DEAR DR. FOX: My daughter is expecting her first child in December, and I am concerned as to the impact it may have on her two cats (both 4 years old). They were very, very young kittens she found on the street while living in India. She moved them to Europe with her and then to two different locations in San Francisco, where she has bought a home and is now residing. So the kitties have had serious "travel turmoil" throughout their lives, and the moves were massively stressful for them.
They are settling nicely into her new home and no further upheaval to their lives is planned -- with the exception of bringing this newborn home in December, which greatly concerns me inasmuch as the cats are both very playful and initially stranger shy. Any suggestions as to how she might prepare these guys for this life-changing event? -- G.R.R. Washington, D.C.
DEAR G.R.R.: Your daughter should buy a baby doll that cries and get the two cats used to seeing her hold the swaddled doll, pretending to nurse and hearing it cry. Let them sniff the doll and become habituated to the routine that she will adopt with her new baby. Your daughter's hormonal state affects her body odor (pheromones), which may have some effect on the cats. She should stick to the daily feeding, grooming and play routines with the cats when the baby comes into the home. Let them see and smell the baby up close. They may be afraid initially, but they should quickly habituate. They should be given extra TLC and reassurance. Someone else in the home should clean out the litter box during the pregnancy for health reasons. Have you daughter check with a pediatrician about possibly putting a net over the crib. Cats may want to sleep with the baby, and may see flailing arms and legs as an invitation to play and accidentally scratch the babe. Close proximity, and later, physical contact when the baby is older, should be monitored at all times until the infant learns not to grab and pull. Exposure to the cats should help boost the infant's immune system, and at a later age, appreciation for their sublime and playful presence.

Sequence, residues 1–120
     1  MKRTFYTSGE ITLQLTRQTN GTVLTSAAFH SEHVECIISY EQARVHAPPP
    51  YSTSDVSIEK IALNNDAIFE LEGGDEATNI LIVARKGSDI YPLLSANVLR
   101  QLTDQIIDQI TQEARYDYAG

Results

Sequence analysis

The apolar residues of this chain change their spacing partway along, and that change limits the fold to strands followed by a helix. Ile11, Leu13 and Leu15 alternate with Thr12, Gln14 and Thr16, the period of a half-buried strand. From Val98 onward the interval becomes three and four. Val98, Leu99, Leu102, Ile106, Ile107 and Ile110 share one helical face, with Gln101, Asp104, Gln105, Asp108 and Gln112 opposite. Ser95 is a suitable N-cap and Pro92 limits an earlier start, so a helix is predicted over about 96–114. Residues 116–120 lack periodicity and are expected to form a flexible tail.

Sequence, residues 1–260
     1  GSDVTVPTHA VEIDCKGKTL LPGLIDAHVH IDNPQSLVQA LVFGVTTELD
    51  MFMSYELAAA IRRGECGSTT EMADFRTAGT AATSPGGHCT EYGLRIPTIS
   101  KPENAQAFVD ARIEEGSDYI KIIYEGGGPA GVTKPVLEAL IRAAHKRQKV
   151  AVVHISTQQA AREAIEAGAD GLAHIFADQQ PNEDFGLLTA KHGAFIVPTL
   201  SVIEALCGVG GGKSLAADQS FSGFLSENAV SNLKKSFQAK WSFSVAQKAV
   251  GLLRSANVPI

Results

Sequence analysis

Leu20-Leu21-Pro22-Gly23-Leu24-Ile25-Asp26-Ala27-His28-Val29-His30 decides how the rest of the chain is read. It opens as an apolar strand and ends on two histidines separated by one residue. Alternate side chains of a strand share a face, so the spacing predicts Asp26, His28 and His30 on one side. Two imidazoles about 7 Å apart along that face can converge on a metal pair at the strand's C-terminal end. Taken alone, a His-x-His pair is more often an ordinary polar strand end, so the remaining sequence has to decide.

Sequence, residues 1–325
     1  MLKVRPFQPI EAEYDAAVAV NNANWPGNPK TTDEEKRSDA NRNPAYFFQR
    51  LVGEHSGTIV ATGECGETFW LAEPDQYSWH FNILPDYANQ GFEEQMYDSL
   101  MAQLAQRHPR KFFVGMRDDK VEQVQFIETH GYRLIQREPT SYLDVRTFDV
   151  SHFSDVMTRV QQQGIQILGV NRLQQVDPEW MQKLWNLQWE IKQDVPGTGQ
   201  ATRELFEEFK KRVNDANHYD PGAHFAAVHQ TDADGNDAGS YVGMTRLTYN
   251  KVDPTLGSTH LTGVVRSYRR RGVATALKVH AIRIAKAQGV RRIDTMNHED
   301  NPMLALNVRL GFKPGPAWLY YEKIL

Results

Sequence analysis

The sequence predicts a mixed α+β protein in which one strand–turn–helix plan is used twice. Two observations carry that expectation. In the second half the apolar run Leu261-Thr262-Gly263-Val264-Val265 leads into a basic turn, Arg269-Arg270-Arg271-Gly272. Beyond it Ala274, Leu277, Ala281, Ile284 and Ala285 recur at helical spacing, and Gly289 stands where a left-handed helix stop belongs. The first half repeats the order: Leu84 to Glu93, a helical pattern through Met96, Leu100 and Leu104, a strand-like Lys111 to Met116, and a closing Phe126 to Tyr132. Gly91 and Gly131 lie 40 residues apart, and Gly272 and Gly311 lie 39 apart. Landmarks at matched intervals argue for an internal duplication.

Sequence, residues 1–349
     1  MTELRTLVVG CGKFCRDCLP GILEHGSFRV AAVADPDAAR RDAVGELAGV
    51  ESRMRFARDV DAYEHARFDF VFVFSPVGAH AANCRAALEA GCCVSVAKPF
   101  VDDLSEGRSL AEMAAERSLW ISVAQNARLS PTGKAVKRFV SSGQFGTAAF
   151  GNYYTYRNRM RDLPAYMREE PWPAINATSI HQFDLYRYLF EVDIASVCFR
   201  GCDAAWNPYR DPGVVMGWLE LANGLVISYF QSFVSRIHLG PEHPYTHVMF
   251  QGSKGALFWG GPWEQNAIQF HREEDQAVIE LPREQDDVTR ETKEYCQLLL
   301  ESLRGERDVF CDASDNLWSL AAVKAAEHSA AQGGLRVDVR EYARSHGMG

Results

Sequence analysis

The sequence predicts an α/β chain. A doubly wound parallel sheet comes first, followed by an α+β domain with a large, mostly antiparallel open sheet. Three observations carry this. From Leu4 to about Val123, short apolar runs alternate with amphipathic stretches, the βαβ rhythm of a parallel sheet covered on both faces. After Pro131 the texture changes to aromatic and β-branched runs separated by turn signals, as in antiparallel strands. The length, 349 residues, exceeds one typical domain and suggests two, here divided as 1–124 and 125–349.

DEAR DR. FOX: I read your recent column concerning the near complete absence of insects of all varieties, and I would like to share some of my insights and thoughts on the matter with you. Over the last few years, I noticed an activity overhead with ever-increasing frequency. High-flying aircraft, seemingly military, C-130 types I think, spraying directly from their wings, causing a dispersion of aerosol matter, crisscrossing the sky from horizon to horizon. I found many others out in the world were watching and investigating this same thing, with these results. The material is aluminum in a solution, mixed with other toxic metals, and with a substance size at micro levels, possibly nano-size, reported to pass the blood barrier with inhalation. Aluminum is a known destroyer of brain function and thought process. Medical evaluations from many years have published papers on the use of this most common metal in the Earth's crust and its toxic effects.
A recent paper published by biologists at the University of Keele and the University of Sussex in the United Kingdom on the huge loss of bees found levels of aluminum in bee pupae that "might be considered as pathological with possible contributions toward neuro-degenerative disease, including Alzheimer's." Simply said, the bees have Alzheimer's and cannot function as bees.
"Aluminum Toxicity" by C.A. Shaw and L. Tomljenovic from the University of British Columbia is an exhaustive study detailing the problem with aluminum on human systems. There is much more out there on this subject. -- T.P., Arnold, Missouri
DEAR T.P.: I appreciate your letter regarding possible factors in the "near complete absence of insects" that we are witness to today; this comes along with the decline of insectivorous birds, reptiles and amphibians. While the deliberate discharging of potentially toxic chemicals -- including aluminum -- in the exhaust vapors of high-altitude jet planes ("chemtrails") is being dismissed as yet another conspiracy theory, there is clear evidence of agricultural pesticides being present in rainwater. This, I believe, is a major factor in insect declines, along with loss of plant diversity.
Certainly, aluminum has been shown to harm the nervous systems of bees and may affect our own brains. So we should avoid using aluminum cooking utensils, toiletries, medications and supplements, such as antacids. Municipal waste incinerators may be a major source of aluminum and other airborne toxins. Aluminum (and mercury) is widely used as an adjuvant in vaccines and is being questioned by many health experts, especially in the genesis of autoimmune diseases.
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